Transcript of Poems, by John Keats

Image of the handwritten title page of a book, reading "Poems by John Keats"

Contributor: Deidre Lynch

Location: Cambridge, Massachusetts, U.S.A.

Description: Though its title page, imaged here, identifies this as the book Romanticists know as Keats’s debut volume, and though the pages following this one contain, in the identical order and layout, each line of verse that Poems, by John Keats contained in 1817, this is not that book, not exactly. This handwritten transcription of Poems was created in 1828, seven years after Keats’s death. It was commissioned by the poet’s friend Charles Cowden Clarke, who presented it to his sister, the juvenile fiction author Isabella Jane Towers, as a birthday gift. (A notice on the page facing the book’s half-title commemorates Clarke’s gift.) As a consequence of this arrangement this book has, as this title page informs us, both an author –John Keats– and a writer, J. C. Stephens (likely a professional scrivener), whose name is referenced at the foot of the page, along with Towers’s.

The value of Clarke’s gift appears to have derived as much from the labours of that writer’s pen as from the literary content the pen conveyed. For Towers did not require this transcription as a reading copy: a (printed) copy of Poems with her ownership signature can be found at Keats House in Hampstead. Why then was this book created? It is hard to say. What we can say is that its existence challenges some of our usual assumptions about Romantic-period books and European book-culture.

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A Fragment of a Letter in Jane Austen’s Hand

Image of a two-page manuscript letter

Contributor: Kathryn Sutherland

Location: Jane Austen’s House, Chawton, Hampshire, England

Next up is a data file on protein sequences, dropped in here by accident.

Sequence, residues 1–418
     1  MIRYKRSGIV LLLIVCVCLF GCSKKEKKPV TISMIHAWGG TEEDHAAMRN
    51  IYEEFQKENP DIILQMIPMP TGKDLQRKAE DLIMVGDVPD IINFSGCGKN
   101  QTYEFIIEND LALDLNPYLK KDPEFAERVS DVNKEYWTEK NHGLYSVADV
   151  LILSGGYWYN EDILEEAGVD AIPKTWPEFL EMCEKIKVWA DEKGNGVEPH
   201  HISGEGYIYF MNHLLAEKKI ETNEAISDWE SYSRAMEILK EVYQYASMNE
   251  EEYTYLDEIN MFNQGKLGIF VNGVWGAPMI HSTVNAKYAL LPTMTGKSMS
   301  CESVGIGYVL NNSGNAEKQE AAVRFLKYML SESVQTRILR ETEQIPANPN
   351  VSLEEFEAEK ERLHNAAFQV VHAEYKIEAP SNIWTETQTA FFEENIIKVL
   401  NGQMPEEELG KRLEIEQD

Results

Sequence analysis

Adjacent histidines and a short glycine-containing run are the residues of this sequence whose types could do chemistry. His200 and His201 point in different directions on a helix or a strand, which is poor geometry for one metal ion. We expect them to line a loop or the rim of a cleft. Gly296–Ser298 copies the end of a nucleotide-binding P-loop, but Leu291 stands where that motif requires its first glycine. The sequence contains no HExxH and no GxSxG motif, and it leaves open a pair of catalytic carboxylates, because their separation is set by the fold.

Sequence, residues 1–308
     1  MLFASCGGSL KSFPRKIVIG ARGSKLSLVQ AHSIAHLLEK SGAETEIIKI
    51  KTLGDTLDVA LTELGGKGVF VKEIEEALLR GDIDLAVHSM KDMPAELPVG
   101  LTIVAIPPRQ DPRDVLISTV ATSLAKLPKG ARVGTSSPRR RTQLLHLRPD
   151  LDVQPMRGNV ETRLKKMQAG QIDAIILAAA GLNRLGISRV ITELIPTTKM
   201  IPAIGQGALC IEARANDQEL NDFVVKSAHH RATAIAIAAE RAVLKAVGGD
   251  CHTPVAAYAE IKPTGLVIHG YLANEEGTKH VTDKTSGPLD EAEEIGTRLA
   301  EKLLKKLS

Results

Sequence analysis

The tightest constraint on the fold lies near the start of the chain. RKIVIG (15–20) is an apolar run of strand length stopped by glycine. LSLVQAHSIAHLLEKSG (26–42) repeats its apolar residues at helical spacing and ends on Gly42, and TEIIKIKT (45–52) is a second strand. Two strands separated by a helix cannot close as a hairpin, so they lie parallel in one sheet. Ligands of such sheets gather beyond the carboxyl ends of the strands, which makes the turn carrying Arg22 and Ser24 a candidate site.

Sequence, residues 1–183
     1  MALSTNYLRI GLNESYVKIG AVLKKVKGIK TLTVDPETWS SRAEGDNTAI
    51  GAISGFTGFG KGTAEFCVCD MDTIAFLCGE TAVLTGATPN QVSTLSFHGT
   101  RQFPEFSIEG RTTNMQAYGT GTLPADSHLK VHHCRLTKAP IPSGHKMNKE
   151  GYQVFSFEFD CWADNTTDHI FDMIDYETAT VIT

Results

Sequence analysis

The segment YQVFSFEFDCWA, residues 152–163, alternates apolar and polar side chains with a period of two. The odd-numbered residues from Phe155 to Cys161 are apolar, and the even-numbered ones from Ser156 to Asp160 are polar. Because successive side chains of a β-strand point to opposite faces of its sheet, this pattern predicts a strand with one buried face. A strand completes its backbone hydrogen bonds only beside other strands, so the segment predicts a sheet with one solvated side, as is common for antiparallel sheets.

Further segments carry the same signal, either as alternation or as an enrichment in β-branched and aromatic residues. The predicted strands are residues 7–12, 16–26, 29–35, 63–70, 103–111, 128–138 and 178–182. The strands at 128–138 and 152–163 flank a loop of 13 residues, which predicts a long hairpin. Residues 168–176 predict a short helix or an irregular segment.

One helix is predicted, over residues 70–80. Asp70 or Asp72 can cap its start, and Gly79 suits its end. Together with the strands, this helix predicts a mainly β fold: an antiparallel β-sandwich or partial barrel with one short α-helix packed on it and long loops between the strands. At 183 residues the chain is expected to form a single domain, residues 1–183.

Description: This fragment is a single leaf, pages 1 and 2 (20 + 20 lines; 281 words) of a letter bifolium, of which the second leaf is missing. The paper is weak at the original folds, with a short tear at the head. There is no signature, no date, and no address. An origin-address and date [‘From Hans Place | Nov. 29 1814’] have been added in pencil in another hand at the upper edge of page 1. The ink (iron gall) is bright, showing little evidence of light exposure. Written in Jane Austen’s clear, round hand, the leaf corresponds to the first section of Letter 112 in the authoritative Oxford edition. Austen writes from her brother Henry’s London home to her niece Anna Lefroy. The fragment opens ‘I am very much obliged to you, my dear Anna’; it ends at the foot of page 2 with the words: ‘& hugs Mr Younge delightfully’. In between, Austen discusses her social life during a London stay that includes a disappointing trip to the theatre (‘I fancy I want something more than can be. Acting seldom satisfies me. I took two Pocket handkerchiefs, but had very little occasion for either’). These two pages are a resilient survival of an act of loving destruction, representing the largest part of a four-page letter, dismembered for keepsakes, into at least five portions, one of which is now lost; two are in the British Library’s Charnwood Autograph Collection; and a further portion was sold at Sotheby’s into private hands on 11 July 2017, at which time the present portion failed to sell. We might see the dismemberment, private, and public fortunes of this letter as an expression in miniature of the fate and import of Austen’s letters, and indeed celebrity authors’ letters, more generally.

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